Definition, Types, Limitations, and Examples

What Is Risk Analysis?

The term risk analysis refers to the assessment process that identifies the potential for any adverse events that may negatively affect organizations and the environment. Risk analysis is commonly performed by corporations (banks, construction groups, health care, etc.), governments, and nonprofits. Conducting a risk analysis can help organizations determine whether they should undertake a project or approve a financial application, and what actions they may need to take to protect their interests. This type of analysis facilitates a balance between risks and risk reduction. Risk analysts often work in with forecasting professionals to minimize future negative unforeseen effects.

Key Takeaways

  • Risk analysis seeks to identify, measure, and mitigate various risk exposures or hazards facing a business, investment, or project.
  • Quantitative risk analysis uses mathematical models and simulations to assign numerical values to risk.
  • Qualitative risk analysis relies on a person’s subjective judgment to build a theoretical model of risk for a given scenario.
  • Risk analysis can include risk benefit, needs assessment, or root cause analysis.
  • Risk analysis entails identifying risk, defining uncertainty, completing analysis models, and implementing solutions.

Understanding Risk Analysis

Risk assessment enables corporations, governments, and investors to assess the probability that an adverse event might negatively impact a business, economy, project, or investment.  Assessing risk is essential for determining how worthwhile a specific project or investment is and the best process(es) to mitigate those risks. Risk analysis provides different approaches that can be used to assess the risk and reward tradeoff of a potential investment opportunity.

A risk analyst starts by identifying what could potentially go wrong. These negatives must be weighed against a probability metric that measures the likelihood of the event occurring.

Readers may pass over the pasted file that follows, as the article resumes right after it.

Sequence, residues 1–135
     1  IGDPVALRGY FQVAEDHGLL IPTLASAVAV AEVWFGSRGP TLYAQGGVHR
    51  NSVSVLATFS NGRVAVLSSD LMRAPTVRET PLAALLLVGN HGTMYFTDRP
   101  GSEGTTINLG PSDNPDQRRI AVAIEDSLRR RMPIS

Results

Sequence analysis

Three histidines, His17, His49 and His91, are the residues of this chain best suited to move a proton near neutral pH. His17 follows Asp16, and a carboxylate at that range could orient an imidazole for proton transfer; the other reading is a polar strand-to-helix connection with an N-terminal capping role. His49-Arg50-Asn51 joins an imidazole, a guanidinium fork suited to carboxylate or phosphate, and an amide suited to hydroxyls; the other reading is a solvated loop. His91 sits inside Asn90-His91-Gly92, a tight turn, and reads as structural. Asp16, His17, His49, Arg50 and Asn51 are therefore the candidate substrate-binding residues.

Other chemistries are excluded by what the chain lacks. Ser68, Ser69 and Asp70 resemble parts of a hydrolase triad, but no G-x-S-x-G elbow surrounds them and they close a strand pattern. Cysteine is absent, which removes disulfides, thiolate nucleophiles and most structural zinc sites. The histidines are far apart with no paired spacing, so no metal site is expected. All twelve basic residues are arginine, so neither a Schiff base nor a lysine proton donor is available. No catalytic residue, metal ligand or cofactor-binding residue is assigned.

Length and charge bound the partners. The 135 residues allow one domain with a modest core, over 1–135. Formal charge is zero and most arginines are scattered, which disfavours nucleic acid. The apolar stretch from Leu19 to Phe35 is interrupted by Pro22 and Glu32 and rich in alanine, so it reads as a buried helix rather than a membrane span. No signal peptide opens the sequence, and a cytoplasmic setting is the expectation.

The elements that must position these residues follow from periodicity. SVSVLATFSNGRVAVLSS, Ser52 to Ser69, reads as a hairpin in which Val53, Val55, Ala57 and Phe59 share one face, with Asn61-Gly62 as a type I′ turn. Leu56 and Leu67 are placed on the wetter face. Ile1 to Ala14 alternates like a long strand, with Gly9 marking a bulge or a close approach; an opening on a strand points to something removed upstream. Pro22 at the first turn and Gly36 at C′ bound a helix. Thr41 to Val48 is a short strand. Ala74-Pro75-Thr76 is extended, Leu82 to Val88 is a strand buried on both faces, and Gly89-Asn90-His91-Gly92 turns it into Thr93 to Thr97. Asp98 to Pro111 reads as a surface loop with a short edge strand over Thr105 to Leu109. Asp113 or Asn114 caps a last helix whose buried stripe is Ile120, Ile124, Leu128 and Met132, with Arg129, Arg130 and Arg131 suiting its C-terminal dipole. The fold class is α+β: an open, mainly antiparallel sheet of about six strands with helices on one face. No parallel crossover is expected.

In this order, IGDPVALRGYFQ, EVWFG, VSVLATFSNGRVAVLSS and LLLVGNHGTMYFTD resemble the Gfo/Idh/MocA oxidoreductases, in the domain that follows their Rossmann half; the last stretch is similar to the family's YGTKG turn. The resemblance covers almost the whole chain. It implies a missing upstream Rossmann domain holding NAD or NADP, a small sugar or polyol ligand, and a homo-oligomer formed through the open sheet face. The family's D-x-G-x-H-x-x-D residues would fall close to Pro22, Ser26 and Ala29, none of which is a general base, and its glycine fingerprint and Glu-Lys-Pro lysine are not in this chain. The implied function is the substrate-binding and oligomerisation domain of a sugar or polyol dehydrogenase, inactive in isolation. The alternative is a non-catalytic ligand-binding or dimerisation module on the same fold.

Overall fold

Finally, risk analysis attempts to estimate the extent of the impact that will be made if the event happens. Many risks that are identified, such as market risk, credit risk, currency risk, and so on, can be reduced through hedging or by purchasing insurance.

Almost all sorts of large businesses require a minimum sort of risk analysis. For example, commercial banks need to properly hedge foreign exchange exposure of overseas loans, while large department stores must factor in the possibility of reduced revenues due to a global recession. It is important to know that risk analysis allows professionals to identify and mitigate risks, but not avoid them completely.

Types of Risk Analysis


Many people are aware of a cost-benefit analysis. In this type of analysis, an analyst compares the benefits a company receives to the financial and non-financial expenses related to the benefits. The potential benefits may cause other, new types of potential expenses to occur. In a similar manner, a risk-benefit analysis compares potential benefits with associated potential risks. Benefits may be ranked and evaluated based on their likelihood of success or the projected impact the benefits may have.

Needs Assessment

A needs risk analysis is an analysis of the current state of a company. Often, a company will undergo a needs assessment to better understand a need or gap that is already known. Alternatively, a needs assessment may be done if management is not aware of gaps or deficiencies. This analysis lets the company know where they need to spending more resources in.

Business Impact Analysis

In many cases, a business may see a potential risk looming and wants to know how the situation may impact the business. For example, consider the probability of a concrete worker strike to a real estate developer. The real estate developer may perform a business impact analysis to understand how each additional day of the delay may impact their operations.

Root Cause Analysis

Opposite of a needs analysis, a root cause analysis is performed because something is happening that shouldn’t be. This type of risk analysis strives to identify and eliminate processes that cause issues. Whereas other types of risk analysis often forecast what needs to be done or what could be getting done, a root cause analysis aims to identify the impact of things that have already happened or continue to happen.